At a recent Shelby County Board meeting, State’s Attorney Gina Vonderheide requested a forensic audit of the Shelby County Sheriff’s Office due to questions about the payroll. County Commissioner Earl Baker went one step further, calling for a forensic audit for all the county departments.
As reported earlier in the Daily Union, the Shelby County Sheriff’s Office had a shift change for deputies back in 2015, from five eight-hour shifts to four 10-hour shifts. It was seen as a benefit to the deputies, even though the FOP contract stated they would have five eight-hour shifts.
That shift change caused payroll issues concerning how many hours were actually worked in a two-week pay period and possible overtime questions.
To clear up those issues, the state’s attorney called for a forensic audit by an independent auditor.
A forensic audit focuses on reconstructing past financial transactions for a specific purpose, whereas a routine audit is typically focused more on compliance or the performance of the organization.
Shelby County has had routine audits every year and those have been reported on. Those types of audits only touch on the most basic issues, such as income and expenses vs. fund balances.
Several years ago, in Dixon, Illinois, routine audits did not turn up any discrepancies. However, a forensic audit discovered a clerk had embezzled $53 million.
A forensic audit would target each past transaction, rather than a small sampling, and then compare that information with applicable laws to ensure compliance. It would take a forensic audit to identify any over-payments or overtime owed.
However, there had been other issues at the county, besides the sheriff’s office. There have been issues in the county concerning payroll, record-keeping, or the lack of it, in other departments.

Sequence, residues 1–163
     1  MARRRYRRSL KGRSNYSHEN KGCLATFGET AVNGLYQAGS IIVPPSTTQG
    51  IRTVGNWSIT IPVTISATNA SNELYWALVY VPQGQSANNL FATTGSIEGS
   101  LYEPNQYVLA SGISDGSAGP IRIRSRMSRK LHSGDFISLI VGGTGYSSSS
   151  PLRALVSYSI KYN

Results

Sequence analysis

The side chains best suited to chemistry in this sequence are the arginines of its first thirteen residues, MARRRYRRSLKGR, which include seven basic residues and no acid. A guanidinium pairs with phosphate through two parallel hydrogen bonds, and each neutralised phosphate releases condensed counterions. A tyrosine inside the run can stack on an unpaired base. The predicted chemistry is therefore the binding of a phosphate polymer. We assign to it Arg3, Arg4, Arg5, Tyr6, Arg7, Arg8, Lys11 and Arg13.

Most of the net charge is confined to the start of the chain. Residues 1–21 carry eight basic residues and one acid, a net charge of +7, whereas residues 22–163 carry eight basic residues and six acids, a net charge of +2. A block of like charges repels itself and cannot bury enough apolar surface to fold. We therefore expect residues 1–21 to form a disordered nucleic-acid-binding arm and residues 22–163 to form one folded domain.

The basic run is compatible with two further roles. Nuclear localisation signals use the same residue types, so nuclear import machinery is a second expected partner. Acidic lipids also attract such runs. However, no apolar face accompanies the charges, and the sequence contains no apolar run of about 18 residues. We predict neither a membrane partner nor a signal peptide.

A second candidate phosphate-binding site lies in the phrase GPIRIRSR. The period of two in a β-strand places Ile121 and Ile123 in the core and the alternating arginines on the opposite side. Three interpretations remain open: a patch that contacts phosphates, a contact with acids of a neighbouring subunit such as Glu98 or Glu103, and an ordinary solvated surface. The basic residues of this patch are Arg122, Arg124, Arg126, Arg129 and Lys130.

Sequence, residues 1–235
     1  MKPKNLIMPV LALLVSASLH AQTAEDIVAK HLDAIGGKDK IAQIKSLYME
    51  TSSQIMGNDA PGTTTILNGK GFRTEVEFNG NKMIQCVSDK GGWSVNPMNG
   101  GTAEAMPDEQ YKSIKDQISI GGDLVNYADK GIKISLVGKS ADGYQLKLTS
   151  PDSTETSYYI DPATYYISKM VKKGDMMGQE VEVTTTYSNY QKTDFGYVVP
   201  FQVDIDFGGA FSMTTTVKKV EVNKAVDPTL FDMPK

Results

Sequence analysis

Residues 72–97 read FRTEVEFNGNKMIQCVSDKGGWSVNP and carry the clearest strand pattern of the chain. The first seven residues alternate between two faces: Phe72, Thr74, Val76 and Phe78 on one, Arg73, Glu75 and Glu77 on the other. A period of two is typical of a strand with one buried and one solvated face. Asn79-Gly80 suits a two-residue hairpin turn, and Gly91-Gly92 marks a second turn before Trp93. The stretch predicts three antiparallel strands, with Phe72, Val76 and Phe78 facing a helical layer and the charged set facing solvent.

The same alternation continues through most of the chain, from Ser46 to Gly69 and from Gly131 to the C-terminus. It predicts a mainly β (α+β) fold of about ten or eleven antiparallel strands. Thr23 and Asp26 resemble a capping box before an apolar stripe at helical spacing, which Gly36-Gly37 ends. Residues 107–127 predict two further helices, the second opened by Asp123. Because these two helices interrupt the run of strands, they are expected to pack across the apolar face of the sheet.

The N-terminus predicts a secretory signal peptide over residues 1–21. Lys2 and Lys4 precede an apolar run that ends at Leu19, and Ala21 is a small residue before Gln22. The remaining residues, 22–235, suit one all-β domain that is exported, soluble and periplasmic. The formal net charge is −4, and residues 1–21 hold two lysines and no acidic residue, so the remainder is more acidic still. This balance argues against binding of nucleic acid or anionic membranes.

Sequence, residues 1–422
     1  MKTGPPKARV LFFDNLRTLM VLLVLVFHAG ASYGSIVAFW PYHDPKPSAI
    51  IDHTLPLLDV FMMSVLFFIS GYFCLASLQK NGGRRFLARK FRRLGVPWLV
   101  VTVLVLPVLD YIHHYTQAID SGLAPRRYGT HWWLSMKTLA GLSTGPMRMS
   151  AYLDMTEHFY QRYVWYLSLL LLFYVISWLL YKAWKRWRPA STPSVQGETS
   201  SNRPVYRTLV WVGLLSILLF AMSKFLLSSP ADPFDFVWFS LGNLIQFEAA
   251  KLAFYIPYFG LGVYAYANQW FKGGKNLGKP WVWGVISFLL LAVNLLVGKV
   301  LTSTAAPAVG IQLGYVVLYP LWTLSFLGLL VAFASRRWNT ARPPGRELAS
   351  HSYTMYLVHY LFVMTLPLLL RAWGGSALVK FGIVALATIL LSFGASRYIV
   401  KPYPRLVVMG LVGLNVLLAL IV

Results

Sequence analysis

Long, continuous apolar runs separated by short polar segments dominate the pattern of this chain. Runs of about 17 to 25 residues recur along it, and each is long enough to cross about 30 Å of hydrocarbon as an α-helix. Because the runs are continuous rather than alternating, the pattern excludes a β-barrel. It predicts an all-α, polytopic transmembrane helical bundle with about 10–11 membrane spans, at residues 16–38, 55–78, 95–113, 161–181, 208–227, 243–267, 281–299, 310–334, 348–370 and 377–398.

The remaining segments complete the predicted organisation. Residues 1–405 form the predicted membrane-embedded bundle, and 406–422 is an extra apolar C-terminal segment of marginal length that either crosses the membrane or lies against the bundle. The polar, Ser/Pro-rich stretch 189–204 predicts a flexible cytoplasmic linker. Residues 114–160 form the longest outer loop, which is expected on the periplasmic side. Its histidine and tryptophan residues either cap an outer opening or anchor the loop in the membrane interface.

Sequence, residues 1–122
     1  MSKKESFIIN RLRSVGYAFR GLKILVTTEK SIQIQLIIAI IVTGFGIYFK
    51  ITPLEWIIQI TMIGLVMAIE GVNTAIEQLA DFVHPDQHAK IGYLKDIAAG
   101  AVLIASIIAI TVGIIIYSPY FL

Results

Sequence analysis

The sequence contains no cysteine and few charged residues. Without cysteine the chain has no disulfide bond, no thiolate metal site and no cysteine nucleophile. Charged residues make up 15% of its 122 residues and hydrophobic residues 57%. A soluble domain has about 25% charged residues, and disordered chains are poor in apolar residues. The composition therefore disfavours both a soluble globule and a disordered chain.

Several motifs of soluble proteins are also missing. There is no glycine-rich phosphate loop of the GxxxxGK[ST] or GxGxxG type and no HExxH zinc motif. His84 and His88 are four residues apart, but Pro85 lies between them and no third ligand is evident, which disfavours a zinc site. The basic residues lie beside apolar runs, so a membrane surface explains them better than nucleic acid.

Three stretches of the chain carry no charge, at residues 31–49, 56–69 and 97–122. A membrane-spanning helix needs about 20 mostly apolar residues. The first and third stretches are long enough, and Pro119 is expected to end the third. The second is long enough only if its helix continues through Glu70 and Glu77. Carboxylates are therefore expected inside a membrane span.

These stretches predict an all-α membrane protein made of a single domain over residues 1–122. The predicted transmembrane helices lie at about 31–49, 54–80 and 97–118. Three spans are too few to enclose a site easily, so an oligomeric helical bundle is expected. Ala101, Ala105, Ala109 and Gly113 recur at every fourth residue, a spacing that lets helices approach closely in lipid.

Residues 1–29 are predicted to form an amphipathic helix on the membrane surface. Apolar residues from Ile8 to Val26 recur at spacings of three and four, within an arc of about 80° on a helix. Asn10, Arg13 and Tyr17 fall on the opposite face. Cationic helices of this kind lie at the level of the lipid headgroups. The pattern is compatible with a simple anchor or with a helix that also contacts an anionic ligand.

Shelby County Treasurer Erica Firnhaber is transitioning county employees to a pay period that is one week in arrears, to begin in May, to fix some former practices that were not in compliance.
According to the Firnhaber, there are numerous transactions where people were paid prior to actual hours worked and then those discrepancies were supposedly adjusted later.
At the last county board meeting, when Vonderheide asked for a forensic audit for the Sherriff’s Office, Baker had another suggestion.
”Instead of doing a forensic audit of just the sheriff’s office,” Baker said, “why don’t we have one for all the departments? Let’s do it all at once and get it done.”
It was suggested that the Illinois State Police might have the ability to look into an audit of the sheriff’s office. Vonderheide said she contacted them but that they did not have the resources to do it.
”It’s a system-wide oversight or error that would not lead to criminal charges, so they said they would not be able to assist us,” Vonderheide said. “Otherwise other counties would ask them to do the same thing and they do not have those resources.”
Vonderheide suggested an independent auditor she had worked with on a case. However, others suggested getting an auditor from outside the area and that the hiring of the audit should be put out for bid.
The county board tabled the request for a forensic auditor until the March meeting so more information can be gathered.